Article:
Man talks rubbish

As gamers, we are used to being made to feel like geeks and losers, and continuously being told that our pastime is either dangerous or immoral, sure to turn us into psychotic, wild-eyed killers who will skin babies alive before boiling them in a vat of our own urine. Normally these scare stories are accompanied by a picture of a kid in a darkened room, blankly staring at a screen while his childhood slips away from him. Well now we’re being told that two hours spent playing FIFA 10 is like snorting a line of coke.

The man who made this claim, Steve Pope, has also claimed that he doesn’t need statistics or research to back up his information (‘I don’t rely on reports’), and that statistics are ‘lies, lies and more lies’. Instead, he prefers to rely on what claims he sees in his experiences as a doctor. However, as you can see from this Rock, Paper, Shotgun article, the man himself has offered no evidence at all (by the way, there has never been a proven causal link between gaming, addiction and violence), and was unable for contact, until texting them the following statement, which implied their journalism could kill people:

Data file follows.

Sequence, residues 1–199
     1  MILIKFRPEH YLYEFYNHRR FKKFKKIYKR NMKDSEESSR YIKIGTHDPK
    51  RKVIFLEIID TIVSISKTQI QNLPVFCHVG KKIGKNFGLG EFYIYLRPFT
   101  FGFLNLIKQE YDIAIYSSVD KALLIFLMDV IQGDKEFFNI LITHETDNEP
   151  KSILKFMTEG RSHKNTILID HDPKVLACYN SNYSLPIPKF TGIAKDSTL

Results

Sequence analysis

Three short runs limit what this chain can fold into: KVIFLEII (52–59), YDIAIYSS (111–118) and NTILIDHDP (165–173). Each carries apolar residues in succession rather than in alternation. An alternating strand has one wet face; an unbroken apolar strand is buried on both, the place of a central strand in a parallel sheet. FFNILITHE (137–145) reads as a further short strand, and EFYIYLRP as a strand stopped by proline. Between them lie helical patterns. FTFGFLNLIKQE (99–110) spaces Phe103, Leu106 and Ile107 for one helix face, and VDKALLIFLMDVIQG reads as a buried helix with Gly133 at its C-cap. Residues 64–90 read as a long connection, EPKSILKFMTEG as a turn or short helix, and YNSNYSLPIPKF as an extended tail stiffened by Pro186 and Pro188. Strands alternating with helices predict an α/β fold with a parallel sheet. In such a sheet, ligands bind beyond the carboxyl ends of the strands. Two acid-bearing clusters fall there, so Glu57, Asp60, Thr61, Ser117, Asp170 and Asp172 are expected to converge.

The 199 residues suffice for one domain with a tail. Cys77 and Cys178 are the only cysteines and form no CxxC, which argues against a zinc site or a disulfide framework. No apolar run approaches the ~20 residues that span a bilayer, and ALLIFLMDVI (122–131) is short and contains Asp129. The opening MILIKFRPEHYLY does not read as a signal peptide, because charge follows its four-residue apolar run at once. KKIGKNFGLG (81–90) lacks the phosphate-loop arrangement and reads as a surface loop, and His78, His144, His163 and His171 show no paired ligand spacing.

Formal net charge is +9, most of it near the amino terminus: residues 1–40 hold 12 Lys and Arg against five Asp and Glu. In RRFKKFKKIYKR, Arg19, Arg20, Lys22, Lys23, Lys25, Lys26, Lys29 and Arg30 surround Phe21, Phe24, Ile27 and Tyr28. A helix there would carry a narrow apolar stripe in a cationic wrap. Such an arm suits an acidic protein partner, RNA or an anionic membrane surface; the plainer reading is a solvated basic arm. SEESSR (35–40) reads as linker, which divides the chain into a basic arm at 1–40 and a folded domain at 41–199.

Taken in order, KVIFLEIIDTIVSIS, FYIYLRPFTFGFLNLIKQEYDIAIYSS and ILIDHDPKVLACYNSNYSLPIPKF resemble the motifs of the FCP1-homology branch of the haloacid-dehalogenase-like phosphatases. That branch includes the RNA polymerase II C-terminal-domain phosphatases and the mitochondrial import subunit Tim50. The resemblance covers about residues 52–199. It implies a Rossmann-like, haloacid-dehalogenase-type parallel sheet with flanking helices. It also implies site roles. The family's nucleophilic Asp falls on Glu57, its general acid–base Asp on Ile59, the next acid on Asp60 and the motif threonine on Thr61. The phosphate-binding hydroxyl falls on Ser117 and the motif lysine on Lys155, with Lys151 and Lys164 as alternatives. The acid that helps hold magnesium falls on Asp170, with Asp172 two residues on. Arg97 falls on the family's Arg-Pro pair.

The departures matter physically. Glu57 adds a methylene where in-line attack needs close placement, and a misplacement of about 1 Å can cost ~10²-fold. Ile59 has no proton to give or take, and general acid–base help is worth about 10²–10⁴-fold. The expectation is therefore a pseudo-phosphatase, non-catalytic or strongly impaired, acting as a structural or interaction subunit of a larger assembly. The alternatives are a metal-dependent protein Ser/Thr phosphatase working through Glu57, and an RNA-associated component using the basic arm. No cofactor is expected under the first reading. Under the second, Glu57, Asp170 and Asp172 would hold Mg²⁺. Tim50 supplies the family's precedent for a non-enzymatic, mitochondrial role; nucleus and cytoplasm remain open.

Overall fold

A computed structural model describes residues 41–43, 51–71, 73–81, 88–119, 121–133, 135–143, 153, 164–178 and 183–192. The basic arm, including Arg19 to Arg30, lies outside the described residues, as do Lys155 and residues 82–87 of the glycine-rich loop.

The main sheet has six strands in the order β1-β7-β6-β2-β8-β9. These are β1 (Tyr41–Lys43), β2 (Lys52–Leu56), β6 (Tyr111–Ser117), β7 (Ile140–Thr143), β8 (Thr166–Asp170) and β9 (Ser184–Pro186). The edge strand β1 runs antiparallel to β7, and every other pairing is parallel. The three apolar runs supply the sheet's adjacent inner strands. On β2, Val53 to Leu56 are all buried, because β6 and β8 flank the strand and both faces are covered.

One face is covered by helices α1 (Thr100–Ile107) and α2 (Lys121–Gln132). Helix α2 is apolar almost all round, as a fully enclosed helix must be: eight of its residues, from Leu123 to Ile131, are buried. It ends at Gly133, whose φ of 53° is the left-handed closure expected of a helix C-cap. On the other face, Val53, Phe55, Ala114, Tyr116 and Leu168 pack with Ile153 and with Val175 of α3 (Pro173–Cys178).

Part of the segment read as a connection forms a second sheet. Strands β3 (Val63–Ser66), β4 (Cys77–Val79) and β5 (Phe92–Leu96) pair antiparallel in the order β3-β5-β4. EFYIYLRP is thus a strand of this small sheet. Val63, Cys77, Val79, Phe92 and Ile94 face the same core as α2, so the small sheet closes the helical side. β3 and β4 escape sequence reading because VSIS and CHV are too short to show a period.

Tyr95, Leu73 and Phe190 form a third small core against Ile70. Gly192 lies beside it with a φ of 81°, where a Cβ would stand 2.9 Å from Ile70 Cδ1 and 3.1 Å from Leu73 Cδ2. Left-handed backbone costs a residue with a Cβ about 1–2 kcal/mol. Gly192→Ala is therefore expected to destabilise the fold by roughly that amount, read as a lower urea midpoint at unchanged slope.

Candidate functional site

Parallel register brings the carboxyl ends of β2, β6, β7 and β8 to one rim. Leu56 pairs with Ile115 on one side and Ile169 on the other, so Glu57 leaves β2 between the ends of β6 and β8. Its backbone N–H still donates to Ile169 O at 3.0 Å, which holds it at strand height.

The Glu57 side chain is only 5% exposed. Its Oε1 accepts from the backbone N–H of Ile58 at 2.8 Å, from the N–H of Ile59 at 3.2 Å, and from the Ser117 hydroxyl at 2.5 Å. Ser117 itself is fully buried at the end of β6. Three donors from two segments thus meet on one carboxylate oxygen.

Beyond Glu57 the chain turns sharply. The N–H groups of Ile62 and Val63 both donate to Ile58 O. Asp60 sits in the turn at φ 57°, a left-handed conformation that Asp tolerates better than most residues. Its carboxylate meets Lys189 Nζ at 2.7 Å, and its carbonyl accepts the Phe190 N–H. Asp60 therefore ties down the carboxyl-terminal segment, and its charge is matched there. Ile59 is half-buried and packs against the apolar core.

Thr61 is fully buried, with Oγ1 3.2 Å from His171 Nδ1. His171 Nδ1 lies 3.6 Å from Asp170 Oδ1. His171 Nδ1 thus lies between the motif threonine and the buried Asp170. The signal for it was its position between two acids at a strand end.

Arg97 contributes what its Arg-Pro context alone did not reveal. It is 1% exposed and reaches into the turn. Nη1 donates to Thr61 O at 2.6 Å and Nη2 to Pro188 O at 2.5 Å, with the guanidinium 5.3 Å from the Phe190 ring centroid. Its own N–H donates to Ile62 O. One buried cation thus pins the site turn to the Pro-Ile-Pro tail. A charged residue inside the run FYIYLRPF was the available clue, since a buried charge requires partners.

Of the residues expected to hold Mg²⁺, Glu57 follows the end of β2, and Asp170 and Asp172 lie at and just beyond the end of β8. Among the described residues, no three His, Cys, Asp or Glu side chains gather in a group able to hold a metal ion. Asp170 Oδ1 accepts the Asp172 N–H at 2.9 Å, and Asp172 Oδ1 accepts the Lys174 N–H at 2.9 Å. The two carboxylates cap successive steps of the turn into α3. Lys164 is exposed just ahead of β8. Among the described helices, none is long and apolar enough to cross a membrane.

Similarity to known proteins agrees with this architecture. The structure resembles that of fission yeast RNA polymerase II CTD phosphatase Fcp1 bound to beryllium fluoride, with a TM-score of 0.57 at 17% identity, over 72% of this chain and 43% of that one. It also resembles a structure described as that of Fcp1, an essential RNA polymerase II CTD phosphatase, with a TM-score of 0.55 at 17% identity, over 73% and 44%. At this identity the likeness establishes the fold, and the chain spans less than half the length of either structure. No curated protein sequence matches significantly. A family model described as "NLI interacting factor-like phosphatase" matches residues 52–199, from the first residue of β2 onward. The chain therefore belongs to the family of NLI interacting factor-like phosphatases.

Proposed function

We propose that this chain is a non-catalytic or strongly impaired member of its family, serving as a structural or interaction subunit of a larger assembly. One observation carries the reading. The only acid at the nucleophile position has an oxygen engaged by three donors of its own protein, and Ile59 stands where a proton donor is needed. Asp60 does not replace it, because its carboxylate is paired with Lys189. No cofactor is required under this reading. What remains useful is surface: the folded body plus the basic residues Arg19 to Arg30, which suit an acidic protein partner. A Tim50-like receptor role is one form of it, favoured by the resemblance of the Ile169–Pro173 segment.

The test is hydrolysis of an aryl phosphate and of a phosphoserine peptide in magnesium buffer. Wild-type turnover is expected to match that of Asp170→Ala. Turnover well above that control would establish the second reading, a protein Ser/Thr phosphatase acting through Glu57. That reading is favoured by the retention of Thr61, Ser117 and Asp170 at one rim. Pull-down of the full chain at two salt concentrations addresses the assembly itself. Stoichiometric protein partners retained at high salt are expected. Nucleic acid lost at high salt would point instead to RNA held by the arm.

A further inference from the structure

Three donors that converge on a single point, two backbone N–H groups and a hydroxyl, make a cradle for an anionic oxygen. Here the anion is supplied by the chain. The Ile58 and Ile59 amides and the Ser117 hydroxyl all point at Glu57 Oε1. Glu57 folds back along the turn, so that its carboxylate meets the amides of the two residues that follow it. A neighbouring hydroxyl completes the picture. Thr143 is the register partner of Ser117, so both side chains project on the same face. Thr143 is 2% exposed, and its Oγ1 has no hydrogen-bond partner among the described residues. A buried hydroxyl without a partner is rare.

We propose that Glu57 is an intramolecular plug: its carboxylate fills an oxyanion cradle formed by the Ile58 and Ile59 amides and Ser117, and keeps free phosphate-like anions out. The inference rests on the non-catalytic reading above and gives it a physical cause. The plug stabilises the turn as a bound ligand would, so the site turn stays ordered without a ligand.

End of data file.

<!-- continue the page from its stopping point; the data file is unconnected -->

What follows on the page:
‘The human being can be, in my professional opinion, addicted to anything it finds pleasurable. There are links between the highs of gambling, and game stations which cause a similar pattern of behaviours in the brain as does class A stimulant drugs. There is a weight of evidence to support this.

‘The test for me with any addictive process is are your actions having negative consequences. I see first-hand the consequences of overuse of game stations usually with the sufferer using the game to escape the reality of life. And to the addictive personality this is dangerous. Invite your readers to take the test in the paper. I don’t do labels. I want people to recover and have balance in their life. The physical consequences are also horrific for the child of today which can lead to ill health through obesity etc. Please be balanced in your reporting as your views may kill people.’

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